Prada’s Latest Move Upmarket: Buying a Stinky French Tannery

Prada leather handbags on display at Harrod’s in London Photograph by Evening Standard/Eyevine/Redux

Prada, maker of the four-figure sneaker, just finished a little shopping trip in France. The fashion house picked up a vintage tannery—and no, it won’t tell you how much it cost.

Tanneries still have a kind of medieval feel to them, and the work is still largely done by hand. The facilities, typically located on the banks of rivers, reek of chemicals and dead protein. But in the fussy world of high fashion, tanneries represent a major barrier to entry.

Here’s what Prada Chief Executive Officer Patrizio Bertelli had to say about the purchase: “The tannery is a high-skilled manufacture with a precious know-how and long tradition.” The know-how isn’t valuable or rare—it’s “precious.” In other words, what goes on in the Tannerie Mégisserie Hervy now owned by Prada is not the kind of thing that can be easily outsourced to Asia or quickly replicated by anyone with a Parsons degree. These old-school fashion factories are disappearing quickly. In the 1980s there were 60 tanneries in France. Today there are fewer than 20, according to the country’s National Leather Council.

Marino Marin, head of the strategic advisory business at MLV, a boutique investment bank, says the tannery provides Prada with supply-chain certainty at a time when a rash of so-called near-luxury houses are pushing a pile of new leather products into the market. “From a brand perspective, this is one of the best things they could have done,” he says. Marin, who helped restructure Prada in the late-1990s, says Bertelli is a savvy industrialist who likely has his eye on similar facilities.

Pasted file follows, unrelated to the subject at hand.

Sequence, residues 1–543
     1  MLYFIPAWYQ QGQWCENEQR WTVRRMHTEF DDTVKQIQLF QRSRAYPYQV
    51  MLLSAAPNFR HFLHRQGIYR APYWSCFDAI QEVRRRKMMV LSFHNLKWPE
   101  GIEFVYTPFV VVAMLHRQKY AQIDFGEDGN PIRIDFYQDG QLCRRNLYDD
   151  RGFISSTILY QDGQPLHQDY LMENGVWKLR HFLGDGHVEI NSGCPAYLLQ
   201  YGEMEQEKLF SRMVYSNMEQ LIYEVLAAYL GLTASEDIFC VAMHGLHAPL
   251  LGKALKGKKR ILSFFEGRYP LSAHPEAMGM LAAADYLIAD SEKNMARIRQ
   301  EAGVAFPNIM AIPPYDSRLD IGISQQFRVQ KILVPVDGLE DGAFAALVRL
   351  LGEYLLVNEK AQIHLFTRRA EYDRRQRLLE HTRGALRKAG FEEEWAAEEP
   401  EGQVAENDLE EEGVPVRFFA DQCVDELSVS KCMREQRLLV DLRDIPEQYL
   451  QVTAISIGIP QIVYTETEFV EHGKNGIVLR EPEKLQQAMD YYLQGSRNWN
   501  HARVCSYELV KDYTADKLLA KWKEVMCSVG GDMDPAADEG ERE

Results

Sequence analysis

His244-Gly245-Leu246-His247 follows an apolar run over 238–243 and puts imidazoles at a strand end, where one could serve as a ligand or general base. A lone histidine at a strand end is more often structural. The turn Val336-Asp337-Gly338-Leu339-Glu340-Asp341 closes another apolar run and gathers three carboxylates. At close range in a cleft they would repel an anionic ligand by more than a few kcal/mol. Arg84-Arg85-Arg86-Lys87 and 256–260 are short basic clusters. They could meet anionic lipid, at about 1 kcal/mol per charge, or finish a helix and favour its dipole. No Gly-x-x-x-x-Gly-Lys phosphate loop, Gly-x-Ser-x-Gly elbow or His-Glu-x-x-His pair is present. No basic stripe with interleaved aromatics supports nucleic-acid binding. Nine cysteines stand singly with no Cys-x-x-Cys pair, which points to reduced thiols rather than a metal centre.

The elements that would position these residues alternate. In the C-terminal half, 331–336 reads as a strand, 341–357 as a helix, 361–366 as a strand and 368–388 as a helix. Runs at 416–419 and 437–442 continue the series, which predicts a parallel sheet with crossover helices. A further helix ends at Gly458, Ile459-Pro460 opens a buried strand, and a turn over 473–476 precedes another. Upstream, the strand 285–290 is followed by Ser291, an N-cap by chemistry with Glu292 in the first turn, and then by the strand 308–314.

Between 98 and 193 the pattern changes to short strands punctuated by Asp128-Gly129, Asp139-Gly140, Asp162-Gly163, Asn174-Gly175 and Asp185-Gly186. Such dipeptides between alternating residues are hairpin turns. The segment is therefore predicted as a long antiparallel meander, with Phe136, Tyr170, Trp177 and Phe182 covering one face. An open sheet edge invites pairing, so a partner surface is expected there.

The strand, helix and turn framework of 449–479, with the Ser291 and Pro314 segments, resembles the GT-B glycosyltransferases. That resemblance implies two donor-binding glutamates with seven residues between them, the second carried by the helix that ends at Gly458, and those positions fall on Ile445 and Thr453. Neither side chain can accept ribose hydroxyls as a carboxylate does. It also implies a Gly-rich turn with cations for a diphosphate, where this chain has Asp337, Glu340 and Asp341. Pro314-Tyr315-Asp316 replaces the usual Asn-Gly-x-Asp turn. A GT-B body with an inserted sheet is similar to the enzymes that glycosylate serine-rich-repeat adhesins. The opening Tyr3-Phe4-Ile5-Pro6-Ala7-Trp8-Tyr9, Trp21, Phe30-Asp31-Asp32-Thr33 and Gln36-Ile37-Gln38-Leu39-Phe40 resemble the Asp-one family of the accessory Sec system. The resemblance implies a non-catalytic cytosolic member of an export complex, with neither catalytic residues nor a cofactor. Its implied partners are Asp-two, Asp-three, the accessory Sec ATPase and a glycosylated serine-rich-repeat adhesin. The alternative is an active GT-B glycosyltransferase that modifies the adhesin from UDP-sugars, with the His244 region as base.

In addition to a hedge against rising material costs, the tannery gives Prada what art dealers like to call provenance: a valuable little scrap of history that can be woven into a marketing campaign and, eventually, the prices of its handbags, ballerina flats ($690), and even those $3,500 high-tops.

Coach may make a fine and fancy satchel, but it doesn’t employ the crusty workers who gave it such a lustrous purple sheen; it simply monitors them. Maybe that’s a finicky point of difference, but sometimes that’s what separates the winners from the losers in luxury.

And make no mistake: Prada is trying to distance itself from fashion’s sweaty masses. The company has been trimming its wholesale distribution and opening more of its own stores. Bertelli holds particular scorn for department stores, which he’s accused of being in “permanent, end-of-season sales mode.”

Of course, Prada isn’t alone in its quest to bring the sources of its supply chain in-house. In recent years, Hermès and Kering, which owns Gucci, have snapped up French tanneries. In the summer of 2013, LVMH Moët Hennessy Louis Vuitton paid $2.6 billion for an 80 percent stake in Loro Piana, an Italian textile maker near Lake Como. The family-owned outfit specializes in sourcing extremely rare material, like the wool of the vicuña, a llama-like critter native to Peru, and fiber from Myanmar lotus flowers.

In luxury shopping, there’s always something fancier out there. The next “it” accessory for fashion houses? According to Marin, it may well be crocodile farms.

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